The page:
December 2007

Measuring impact: who counts?

Volume 12 , Number 4

PDF - £10.00 Hard copy (£15.00)


December 2007

Measuring impact: who counts?

Volume 12 , Number 4

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The challenges of measuring social change are well known – the complexity of the process, the length of time involved, the difficulties of attribution. One key issue that has been neglected, argues guest editor David Bonbright in his introductory essay to this Alliance special feature, is who does the measuring and whose perspectives are taken into account. Another key issue is how the different systems of evaluation imposed by donors affect grantees; this is one of the main questions posed in a special online survey commissioned by Keystone and Alliance.

The special feature also includes interviews with Hewlett Foundation President Paul Brest on how we get good information into the public domain and with Swedish industrialist Percy Barnevik on his use of business-style metrics in running an NGO.

The feature ends with the reflections of our second guest editor, Akwasi Aidoo.
The December issue of Alliance will also include Bill White on what’s missing from the climate change discussion and Barry Gaberman asking if there’s still room for charity in philanthropy.

Special feature

Making social investment decisions – What do we need to know?

1 December 2007
David Bonbright

This article is an attempt to chronicle the emergence of a new generation of concepts, tools, platforms and organizations designed to measure quality social change work. To give away the end of the story, it turns out that the trick to getting impact measurement right at ‘the organization’ is to move out of the organization into the larger ecosystem in which the organization lives. When you do this, you can set measurement and reporting standards …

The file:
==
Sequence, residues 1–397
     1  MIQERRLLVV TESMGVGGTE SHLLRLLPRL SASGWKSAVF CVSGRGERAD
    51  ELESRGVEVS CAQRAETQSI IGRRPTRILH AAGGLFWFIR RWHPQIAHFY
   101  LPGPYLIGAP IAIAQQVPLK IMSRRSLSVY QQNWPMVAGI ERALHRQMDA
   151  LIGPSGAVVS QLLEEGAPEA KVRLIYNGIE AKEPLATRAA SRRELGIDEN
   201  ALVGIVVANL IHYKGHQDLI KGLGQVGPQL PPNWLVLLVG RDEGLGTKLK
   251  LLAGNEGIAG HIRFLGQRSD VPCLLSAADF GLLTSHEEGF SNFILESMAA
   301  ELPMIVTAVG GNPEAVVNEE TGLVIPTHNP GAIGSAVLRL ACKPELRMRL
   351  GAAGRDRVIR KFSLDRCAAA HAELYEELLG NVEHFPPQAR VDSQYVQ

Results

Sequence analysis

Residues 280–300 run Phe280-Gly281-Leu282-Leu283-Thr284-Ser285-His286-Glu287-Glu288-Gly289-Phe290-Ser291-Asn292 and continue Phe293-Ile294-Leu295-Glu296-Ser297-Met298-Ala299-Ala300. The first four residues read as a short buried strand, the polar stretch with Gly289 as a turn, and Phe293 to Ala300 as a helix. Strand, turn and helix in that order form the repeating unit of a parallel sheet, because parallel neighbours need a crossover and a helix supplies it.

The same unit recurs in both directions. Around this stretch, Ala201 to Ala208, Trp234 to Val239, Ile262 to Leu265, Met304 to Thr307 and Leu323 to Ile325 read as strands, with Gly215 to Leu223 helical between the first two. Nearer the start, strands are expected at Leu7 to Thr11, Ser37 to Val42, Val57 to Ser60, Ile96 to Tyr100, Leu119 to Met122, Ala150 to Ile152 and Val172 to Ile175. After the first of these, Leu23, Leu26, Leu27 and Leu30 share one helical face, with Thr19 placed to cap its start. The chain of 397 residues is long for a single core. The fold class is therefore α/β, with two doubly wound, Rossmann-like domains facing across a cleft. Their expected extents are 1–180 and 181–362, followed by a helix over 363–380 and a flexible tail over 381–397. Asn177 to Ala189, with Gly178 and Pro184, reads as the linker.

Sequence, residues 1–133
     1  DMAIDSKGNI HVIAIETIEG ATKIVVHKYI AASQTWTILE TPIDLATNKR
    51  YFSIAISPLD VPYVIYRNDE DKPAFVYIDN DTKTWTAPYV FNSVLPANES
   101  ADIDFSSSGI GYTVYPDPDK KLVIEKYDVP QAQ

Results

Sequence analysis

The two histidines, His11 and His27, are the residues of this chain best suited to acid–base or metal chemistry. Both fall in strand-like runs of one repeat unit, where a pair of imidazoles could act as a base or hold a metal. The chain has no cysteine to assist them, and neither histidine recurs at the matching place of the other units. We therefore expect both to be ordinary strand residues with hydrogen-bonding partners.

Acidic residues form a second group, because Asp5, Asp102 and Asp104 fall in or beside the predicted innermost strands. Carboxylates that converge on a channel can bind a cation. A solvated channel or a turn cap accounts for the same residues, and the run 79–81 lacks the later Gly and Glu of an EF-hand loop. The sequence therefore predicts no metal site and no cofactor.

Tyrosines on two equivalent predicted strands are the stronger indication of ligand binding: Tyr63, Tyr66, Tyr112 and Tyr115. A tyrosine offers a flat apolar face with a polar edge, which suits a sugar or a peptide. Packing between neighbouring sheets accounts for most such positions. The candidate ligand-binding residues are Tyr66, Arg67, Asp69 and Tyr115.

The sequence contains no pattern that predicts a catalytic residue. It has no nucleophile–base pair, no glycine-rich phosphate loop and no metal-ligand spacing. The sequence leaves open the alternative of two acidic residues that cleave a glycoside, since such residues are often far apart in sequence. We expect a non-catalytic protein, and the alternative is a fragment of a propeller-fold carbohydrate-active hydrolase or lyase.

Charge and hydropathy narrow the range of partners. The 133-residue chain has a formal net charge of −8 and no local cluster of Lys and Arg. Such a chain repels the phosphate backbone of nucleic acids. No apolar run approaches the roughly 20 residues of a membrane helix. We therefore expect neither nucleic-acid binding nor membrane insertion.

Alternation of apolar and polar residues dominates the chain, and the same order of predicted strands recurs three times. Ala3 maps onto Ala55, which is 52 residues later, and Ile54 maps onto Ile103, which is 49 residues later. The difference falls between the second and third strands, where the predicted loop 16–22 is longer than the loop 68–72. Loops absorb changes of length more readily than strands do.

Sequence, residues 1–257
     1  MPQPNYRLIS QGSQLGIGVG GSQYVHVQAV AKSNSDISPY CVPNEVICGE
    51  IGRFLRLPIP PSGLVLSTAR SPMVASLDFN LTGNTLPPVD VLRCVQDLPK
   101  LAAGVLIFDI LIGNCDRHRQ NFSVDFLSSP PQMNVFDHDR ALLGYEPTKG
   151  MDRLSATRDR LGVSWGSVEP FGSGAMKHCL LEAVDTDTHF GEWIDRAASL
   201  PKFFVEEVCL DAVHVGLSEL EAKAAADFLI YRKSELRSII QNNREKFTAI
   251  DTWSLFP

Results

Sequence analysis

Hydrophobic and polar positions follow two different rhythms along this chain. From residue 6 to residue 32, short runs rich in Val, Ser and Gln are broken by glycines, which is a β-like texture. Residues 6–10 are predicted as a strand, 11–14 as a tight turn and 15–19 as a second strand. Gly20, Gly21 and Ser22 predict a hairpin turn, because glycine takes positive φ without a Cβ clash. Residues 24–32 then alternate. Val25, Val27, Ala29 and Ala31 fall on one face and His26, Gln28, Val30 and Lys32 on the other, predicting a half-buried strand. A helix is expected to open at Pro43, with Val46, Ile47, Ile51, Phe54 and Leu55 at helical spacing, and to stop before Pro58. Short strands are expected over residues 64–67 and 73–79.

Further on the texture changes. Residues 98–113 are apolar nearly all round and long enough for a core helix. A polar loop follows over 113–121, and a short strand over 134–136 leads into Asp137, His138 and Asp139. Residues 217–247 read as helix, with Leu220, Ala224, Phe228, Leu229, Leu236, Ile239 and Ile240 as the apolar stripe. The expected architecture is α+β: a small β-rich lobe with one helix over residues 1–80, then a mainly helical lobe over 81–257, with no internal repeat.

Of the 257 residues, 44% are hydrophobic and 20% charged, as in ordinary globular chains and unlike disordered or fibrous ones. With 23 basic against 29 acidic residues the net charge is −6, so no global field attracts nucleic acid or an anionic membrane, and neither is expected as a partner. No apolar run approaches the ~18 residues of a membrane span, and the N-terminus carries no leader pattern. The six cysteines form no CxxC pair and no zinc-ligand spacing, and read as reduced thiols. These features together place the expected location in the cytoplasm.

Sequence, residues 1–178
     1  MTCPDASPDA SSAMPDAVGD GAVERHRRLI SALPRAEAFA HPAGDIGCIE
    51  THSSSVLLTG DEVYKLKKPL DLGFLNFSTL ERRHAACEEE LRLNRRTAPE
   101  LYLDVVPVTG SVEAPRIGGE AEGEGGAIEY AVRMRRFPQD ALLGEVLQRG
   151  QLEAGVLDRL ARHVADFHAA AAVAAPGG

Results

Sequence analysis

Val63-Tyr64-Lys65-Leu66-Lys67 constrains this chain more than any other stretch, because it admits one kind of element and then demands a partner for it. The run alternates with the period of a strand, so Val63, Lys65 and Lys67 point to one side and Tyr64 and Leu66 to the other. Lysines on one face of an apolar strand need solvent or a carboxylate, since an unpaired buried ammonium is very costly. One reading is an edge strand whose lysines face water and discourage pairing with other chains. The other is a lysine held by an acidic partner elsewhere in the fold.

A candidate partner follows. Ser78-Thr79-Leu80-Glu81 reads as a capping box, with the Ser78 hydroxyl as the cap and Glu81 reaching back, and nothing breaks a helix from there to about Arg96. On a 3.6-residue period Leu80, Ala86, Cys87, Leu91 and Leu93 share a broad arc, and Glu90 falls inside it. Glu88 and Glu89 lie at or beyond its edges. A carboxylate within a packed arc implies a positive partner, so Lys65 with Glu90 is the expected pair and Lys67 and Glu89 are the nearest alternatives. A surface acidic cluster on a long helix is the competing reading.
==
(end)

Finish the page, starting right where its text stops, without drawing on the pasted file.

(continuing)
Measuring impact: who counts?

When one starts thinking about measuring impact, one seems inevitably to be pulled in two opposite directions. On the one hand, there’s the demand for ‘metrics’. This demand often comes from those working with donors, who are said to be looking for measures analogous to those available to people thinking to invest in the mainstream stock market. The claim made is that if we had better metrics, a functioning philanthropy marketplace, donors would be prepared to ‘invest’ more – the sort of claim that is often made by those promoting transparency and accountability. The image here is releasing a floodgate …

Special feature


Unravelling the P word

Iain Hines

Steven Burkeman’s article Beyond verbal confusions (September 2007) got me thinking about what ‘philanthropy’ means in New Zealand. In our …

A concerted effort on flying

Jenny Hodgson

I do think we need to think seriously about the amount of travel we undertake in this sector (see ?Flying …

Sceptical about terminology

David Brocklebank

Recent issues of Alliance have hosted quite a debate about the terminology we use to describe the sector we work …

Who’s for shiny new impact?

Dave Pitchford

I hope that Barry Gaberman is wrong in his assertion that the philanthropic community has bumped ‘transparency and accountability’ back …

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